Guess who's more likely to have his street paved in Pittsburgh: (A) a resident who lives on a stretch of road scheduled to be paved, or (B) a resident who lives on a section of street that isn't scheduled to be paved, but who happens to be the head coach of the Steelers?
The correct answer, of course, is "B."
According to county real-estate records, Steelers head coach Mike Tomlin purchased a home on the 1200 block of Shady Avenue in April. The street was paved a few months after ... even while other sections of the street slated for resurfacing went unattended.
To city councilor Bill Peduto, who represents the Shadyside neighborhood and who has been critical of the city's paving decisions in the past, it's more proof that "[i]n Pittsburgh, politics are the determining factor" in deciding whose street gets paved.
"It's not the condition of the street, but the people who live on it," Peduto says.
According to Mayor Luke Ravenstahl's spokesperson Alecia Sirk, "The section of Shady Avenue paved was on our list long before Coach Tomlin moved into his house, but paved after he moved in."
According to the city's 2007 paving list, however, Tomlin's stretch of Shady wasn't supposed to be paved at all.
Three sections of Shady were slated for resurfacing last year: the portion running from Bartlett Street to Forbes Avenue; from Wilkins Avenue to Hastings Street; and from Highmont Road to Fifth Avenue.
Of those, only the first was finished as planned. A portion of Shady between Wilkins and Hastings was resurfaced, but it doesn't match the section described in the paving list. Instead of starting at Wilkins and ending at Hastings, the resurfaced street begins roughly halfway between them and stretches about 150 yards beyond Hastings -- where it ends just about 15 feet beyond Tomlin's driveway.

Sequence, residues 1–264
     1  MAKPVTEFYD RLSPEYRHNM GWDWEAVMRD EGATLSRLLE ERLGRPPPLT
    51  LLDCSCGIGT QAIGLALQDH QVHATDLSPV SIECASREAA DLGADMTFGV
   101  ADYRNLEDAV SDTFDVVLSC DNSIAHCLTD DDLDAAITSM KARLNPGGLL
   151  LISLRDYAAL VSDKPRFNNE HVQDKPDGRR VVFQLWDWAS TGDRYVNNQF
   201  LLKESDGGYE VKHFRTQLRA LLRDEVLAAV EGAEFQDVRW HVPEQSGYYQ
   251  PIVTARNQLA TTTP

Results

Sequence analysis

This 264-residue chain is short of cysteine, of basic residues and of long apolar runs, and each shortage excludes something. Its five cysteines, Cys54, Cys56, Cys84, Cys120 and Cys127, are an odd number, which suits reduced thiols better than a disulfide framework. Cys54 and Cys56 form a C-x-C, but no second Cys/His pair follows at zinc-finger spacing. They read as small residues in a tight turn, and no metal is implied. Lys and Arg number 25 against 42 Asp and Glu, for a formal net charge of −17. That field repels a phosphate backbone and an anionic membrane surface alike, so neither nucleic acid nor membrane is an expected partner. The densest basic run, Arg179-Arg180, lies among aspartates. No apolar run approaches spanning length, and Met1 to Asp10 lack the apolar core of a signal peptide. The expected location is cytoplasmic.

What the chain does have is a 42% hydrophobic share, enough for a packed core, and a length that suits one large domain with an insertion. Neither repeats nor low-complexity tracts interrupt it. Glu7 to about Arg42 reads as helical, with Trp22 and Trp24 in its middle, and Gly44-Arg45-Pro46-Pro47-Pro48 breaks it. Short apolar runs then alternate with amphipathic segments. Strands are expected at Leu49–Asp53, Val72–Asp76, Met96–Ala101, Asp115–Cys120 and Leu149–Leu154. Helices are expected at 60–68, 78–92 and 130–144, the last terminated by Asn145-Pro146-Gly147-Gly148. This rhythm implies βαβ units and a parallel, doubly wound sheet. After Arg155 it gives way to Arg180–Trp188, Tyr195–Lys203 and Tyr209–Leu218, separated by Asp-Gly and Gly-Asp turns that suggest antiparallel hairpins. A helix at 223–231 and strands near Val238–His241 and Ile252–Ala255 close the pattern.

As for the stretch from Highmont Road to Fifth Avenue, it's still laden with numerous cracks and potholes.
Asked for an explanation about the unusual paving stretch in front of Tomlin's home, Costa said the Steelers' coach "had nothing to do with it. Why would we only want his street paved?"
According to Costa, the paving list is subject to change, and in the case of Shady Avenue, it did. He says crews started paving just before Hastings -- in the middle of the block, instead of at Wilkins as originally planned --and planned to pave all the way to Fifth Avenue, part of which was never included in the city's paving schedule, but they ended after Tomlin's house because they learned that a gas company would soon be tearing up part of the road just beyond his driveway.
"That happens," Costa says. "Things change."
Costa says Public Works will finish paving Shady from where they left off all the way to Fifth Avenue come the spring.
Much to Peduto's dismay, the city's paving list is far from binding. He says it's not unusual for streets on the list not to be paved, and for streets not on the list -- like Tomlin's -- to be paved.
"It's completely up to the whim of the mayor and Public Works," he says. "[The schedule] is not always followed to a T."
Tomlin, through the Steelers, could not be reached for comment.
"I don't think folks know how deep this goes," says Peduto, who for years has been advocating for better street-paving management and an end to political paving. "The question to Public Works would be: How was that section chosen? Or better yet, how are any streets chosen?"
Presumably, such questions will arise less often in the future. The city recently hired computer firm CartaGraph to install a new software program to systematically decide which streets need to be repaved. At a cost of $35,000 for the software, plus $3,000 per year in service costs, the city will chart 20,000 city blocks, including their paving history and pothole prevalence.
But since it will take time to log in all of the city's data, the system won't be setting paving schedules until 2009. Once it is, Peduto says, all of the streets will be posted on the city's Web site, so residents can see when their street is planned for paving.
Still, Peduto remains skeptical it will be used properly.
"I'm happy that they're willing to consider the system" he says of the Ravenstahl administration. "But I'm also wary that they won't carry it out."
If not, the issue will remain, well, a political football.